Catastrophes resulting from natural causes like earthquakes, fires, and floods have destroyed significant parts of many cities in Europe and North America. Contributions to this volume explore how cities experienced these disasters, how cities coped with the emergency, and how they tried to make sense of what had happened. To illuminate common themes, the book includes examples from Poland, France, Italy, Germany, Finland, Greece, Great Britain, and its Caribbean colonies. Some cities never recovered while others managed to turn their physical destruction into an opportunity for spatial, economic, and political reform. Catastrophes have played an important role in urban history because they represent major turning points that shatter conventional aspirations and open new avenues of development. Essays are presented with abstracts in English, French and German.
Frankfurt/M., Berlin, Bern, Bruxelles, New York, Oxford, Wien, 2002. 241 pp., num. fig.
Contents: G. Massard-Guilbaud: Introduction - The Urban catastrophe: Challenge to the social, economic, and cultural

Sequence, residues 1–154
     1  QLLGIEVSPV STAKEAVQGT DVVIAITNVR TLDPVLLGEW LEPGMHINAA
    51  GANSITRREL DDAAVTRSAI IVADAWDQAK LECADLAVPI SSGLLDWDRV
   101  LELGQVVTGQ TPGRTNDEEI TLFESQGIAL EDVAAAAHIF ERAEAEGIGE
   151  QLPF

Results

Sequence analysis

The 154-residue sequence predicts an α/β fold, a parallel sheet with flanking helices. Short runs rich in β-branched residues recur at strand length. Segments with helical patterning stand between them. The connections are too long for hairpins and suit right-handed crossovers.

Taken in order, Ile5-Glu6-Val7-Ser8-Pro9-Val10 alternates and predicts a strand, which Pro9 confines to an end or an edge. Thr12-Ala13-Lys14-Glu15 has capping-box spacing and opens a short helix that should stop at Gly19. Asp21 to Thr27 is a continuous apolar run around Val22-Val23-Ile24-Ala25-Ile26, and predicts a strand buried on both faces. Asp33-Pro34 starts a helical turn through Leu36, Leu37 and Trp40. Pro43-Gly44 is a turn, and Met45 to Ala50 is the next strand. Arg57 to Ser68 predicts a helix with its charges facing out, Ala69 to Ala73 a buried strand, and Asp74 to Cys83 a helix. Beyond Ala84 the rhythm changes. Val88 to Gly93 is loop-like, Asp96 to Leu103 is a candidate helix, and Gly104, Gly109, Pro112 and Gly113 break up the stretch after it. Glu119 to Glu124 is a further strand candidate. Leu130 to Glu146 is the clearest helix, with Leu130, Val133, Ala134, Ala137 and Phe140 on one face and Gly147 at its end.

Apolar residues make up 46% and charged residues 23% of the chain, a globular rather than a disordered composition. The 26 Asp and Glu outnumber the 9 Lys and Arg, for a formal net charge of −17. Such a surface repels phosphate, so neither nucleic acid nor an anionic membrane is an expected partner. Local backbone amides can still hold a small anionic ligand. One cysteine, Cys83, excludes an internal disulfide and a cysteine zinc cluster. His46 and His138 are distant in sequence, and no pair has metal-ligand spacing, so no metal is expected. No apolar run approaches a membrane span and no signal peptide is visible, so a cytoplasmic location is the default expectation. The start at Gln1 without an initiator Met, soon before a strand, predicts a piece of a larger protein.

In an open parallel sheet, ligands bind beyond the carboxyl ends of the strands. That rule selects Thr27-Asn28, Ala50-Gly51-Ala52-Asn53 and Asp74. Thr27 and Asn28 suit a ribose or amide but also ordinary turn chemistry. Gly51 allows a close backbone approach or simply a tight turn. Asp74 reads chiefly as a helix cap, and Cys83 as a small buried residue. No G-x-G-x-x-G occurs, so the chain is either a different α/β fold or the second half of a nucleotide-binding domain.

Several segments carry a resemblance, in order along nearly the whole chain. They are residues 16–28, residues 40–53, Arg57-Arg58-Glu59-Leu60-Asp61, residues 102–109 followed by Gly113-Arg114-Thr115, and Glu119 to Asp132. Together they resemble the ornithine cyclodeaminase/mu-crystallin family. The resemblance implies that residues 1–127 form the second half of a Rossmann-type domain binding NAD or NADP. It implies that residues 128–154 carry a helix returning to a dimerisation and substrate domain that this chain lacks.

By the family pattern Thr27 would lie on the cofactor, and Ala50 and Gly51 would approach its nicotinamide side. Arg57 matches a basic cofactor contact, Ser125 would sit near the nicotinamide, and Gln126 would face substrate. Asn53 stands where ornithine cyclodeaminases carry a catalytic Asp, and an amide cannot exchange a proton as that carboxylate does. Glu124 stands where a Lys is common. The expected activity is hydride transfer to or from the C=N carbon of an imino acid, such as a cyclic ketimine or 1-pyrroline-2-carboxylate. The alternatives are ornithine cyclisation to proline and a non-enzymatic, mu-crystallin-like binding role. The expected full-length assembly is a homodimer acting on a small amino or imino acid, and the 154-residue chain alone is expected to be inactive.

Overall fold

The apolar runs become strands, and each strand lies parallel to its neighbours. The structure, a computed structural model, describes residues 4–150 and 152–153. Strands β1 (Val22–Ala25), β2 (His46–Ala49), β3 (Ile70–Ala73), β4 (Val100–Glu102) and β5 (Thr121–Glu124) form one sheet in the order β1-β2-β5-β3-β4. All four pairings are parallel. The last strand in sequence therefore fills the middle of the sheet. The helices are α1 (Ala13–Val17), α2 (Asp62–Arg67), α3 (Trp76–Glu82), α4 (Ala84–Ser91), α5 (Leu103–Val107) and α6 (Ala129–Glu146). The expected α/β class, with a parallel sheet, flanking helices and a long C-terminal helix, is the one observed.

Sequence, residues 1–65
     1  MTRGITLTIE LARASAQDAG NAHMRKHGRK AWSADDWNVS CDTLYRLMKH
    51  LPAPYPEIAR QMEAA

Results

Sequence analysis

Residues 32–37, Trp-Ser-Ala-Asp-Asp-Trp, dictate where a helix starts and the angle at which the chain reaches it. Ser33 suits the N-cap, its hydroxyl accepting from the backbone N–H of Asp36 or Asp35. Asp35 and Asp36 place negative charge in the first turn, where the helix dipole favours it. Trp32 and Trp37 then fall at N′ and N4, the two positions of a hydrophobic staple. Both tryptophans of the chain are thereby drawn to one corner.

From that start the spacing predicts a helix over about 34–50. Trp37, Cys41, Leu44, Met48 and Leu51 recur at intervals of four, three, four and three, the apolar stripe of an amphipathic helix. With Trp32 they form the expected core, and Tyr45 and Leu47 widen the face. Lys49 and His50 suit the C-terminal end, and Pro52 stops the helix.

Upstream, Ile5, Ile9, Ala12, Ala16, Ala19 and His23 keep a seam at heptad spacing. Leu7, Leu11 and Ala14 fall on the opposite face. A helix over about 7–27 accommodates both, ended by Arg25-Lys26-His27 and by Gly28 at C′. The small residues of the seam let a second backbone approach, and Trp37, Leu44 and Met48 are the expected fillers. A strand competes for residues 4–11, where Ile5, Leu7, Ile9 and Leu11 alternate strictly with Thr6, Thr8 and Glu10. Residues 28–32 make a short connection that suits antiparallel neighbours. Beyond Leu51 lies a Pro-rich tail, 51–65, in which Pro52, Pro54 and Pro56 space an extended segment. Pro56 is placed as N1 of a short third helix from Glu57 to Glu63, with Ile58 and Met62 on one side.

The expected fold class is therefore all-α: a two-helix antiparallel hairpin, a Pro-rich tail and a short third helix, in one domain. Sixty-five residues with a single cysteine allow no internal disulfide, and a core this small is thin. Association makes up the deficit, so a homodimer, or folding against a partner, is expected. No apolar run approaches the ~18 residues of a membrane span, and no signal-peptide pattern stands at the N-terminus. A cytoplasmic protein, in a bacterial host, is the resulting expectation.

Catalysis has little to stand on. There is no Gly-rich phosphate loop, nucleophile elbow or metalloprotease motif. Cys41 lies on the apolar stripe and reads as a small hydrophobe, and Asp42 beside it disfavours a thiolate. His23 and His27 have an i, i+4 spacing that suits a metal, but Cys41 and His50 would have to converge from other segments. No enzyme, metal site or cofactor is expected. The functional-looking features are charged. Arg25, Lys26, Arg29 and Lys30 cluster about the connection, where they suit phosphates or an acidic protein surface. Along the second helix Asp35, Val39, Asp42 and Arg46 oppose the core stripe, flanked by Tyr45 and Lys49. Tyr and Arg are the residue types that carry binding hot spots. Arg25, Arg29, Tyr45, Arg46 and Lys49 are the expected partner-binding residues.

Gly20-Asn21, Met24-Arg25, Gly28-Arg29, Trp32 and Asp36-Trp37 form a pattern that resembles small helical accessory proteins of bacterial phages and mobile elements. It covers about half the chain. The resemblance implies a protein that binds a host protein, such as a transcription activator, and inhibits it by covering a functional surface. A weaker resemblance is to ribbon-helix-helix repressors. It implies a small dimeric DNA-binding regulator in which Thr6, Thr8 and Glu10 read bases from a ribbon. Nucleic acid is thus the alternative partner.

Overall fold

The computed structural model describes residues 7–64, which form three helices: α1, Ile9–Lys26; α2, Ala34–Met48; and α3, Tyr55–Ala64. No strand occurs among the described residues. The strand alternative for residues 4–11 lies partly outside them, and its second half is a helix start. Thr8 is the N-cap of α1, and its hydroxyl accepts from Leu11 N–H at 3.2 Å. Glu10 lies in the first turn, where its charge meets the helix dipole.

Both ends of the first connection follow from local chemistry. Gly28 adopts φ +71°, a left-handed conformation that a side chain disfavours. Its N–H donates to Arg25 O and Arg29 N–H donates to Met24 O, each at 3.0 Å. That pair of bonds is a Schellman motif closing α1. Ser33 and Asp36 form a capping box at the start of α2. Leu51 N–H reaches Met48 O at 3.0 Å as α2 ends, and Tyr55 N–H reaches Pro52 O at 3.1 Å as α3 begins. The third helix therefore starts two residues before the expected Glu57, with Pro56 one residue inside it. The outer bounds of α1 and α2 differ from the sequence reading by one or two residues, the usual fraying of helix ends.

order of the city – U. Sowina: Les eaux qui charrient la mort et les désastres: inondations et pollution des eaux dans les
villes polonaises aux XVe et XIVe siècles – J. Hays: Disease as Urban Disaster: Ambiguities and Continuities
– G. Quenet: Villes et tremblements de terre sous le règne de Louis XIV: limites et réalités d'une mutation – M. Mulcahy:
Urban Catastrophes and Imperial Relief in the Eighteenth-Century British Atlantic World: Three Case Studies – M. D’Angelo/M.
Sajia: A City and two Earthquakes: Messina 1783-1908 – M. Hietala: Fear and Fires. Impact of fires on towns in Finland at
the beginning of the 19th century – H. L. Platt: «The Hardest Worked River»: The Manchester Floods and the Industrialization
of Nature – D. Schott: One City - Three Catastrophes: Hamburg from the Great Fire 1842 to the Great Flood 1962 – C. Sillans:
L’incendie dans les villes françaises du XIXe siècle: de la vulnérabilité à la maîtrise du phénomène – A. Yerolympos:
Urban Space as «Field»: Aspects of Late Ottoman Town Planning After Fires.